Title:
Decoupling capacitor control circuitry
United States Patent 8669828
Abstract:
Integrated circuits with decoupling capacitor circuitry are provided. Decoupling capacitor circuitry may include multiple arrays of decoupling capacitors. Each decoupling capacitor array may have a corresponding decoupling capacitor monitoring circuit that is associated with that decoupling capacitor array. Each decoupling capacitor monitoring circuit may include a resistor and switching circuitry. Each decoupling capacitor monitoring circuit may be coupled to a comparator and control circuitry. During testing, the control circuitry may configure each decoupling capacitor array for leakage current testing one at a time. If a decoupling capacitor array is determined to exhibit excessive leakage currents, that decoupling capacitor array will be marked as defective and will be disabled from use. If the decoupling capacitor array is determined to exhibit tolerable leakage currents, that decoupling capacitor array will be enable for use to help reduce power supply noise.


Inventors:
Wong, Wilson (San Francisco, CA, US)
Chan, Allen (San Jose, CA, US)
Shumarayev, Sergey (Los Altos Hills, CA, US)
Application Number:
12/909739
Publication Date:
03/11/2014
Filing Date:
10/21/2010
Assignee:
Altera Corporation (San Jose, CA, US)
Primary Class:
Other Classes:
333/24C
International Classes:
H04B3/28
Field of Search:
327/538-543, 327/387, 307/98, 307/99, 307/109, 307/112, 324/537, 324/548, 361/15, 361/306.2, 333/12, 333/24C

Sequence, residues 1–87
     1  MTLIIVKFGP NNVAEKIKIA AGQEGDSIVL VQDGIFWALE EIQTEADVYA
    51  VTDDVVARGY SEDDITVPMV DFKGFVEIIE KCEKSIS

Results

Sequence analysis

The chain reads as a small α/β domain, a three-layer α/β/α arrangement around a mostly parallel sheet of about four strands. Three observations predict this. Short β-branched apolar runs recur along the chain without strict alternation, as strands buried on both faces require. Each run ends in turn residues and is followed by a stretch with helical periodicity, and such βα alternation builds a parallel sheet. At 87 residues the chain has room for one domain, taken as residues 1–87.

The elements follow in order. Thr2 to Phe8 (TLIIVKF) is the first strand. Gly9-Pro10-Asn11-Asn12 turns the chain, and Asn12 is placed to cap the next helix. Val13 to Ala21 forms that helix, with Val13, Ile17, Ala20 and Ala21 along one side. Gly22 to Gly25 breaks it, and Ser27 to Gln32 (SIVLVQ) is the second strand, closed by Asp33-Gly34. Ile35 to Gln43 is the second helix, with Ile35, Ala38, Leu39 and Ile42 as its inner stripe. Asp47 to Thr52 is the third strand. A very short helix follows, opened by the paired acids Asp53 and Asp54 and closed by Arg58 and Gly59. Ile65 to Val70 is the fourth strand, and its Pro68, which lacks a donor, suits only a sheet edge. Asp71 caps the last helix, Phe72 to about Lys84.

View Patent Images:
US Patent References:
7414459Architecture for implementing an integrated capacitance2008-08-19Pisasale et al.327/543
6424058Testable on-chip capacity2002-07-23Frech et al.
6038122Decoupling capacitor2000-03-14Bergstedt et al.
5789964Decoupling capacitor network for off-state operation1998-08-04Voldman
5506457Electronic switch for decoupling capacitor1996-04-09Krauter et al.
5304506On chip decoupling capacitor1994-04-19Porter et al.
3621387COMPUTER-CONTROLLED TESTER FOR INTEGRATED CIRCUIT DEVICES1971-11-16Smith et al.324/73.1
Other References:
D. Inglis, L. Manchanda, R. Comizzoli, A. Dickinson, E. Martin, S. Mdndis, P. Silverman, G. Weber, B. Ackland, L. O'Gorman, “A Robust 1.8V 250 micro W Direct-Contact 500 dpi Fingerprint Sensor”, Digest of Technical Papers, 1998 IEEE International Solid-State Circuits Conference, pp. 284-285.
Rahim, Irfan, et al., U.S. Appl. No. 12/332,928, filed Dec. 11, 2008.
Tan, Chee Hong, U.S. Appl. No. 12/717,796, filed Mar. 4, 2010.
Primary Examiner:
Pascal, Robert
Assistant Examiner:
Glenn, Kimberly
Attorney, Agent or Firm:
Treyz Law Group
Tsai, Jason
Claims:
What is claimed is: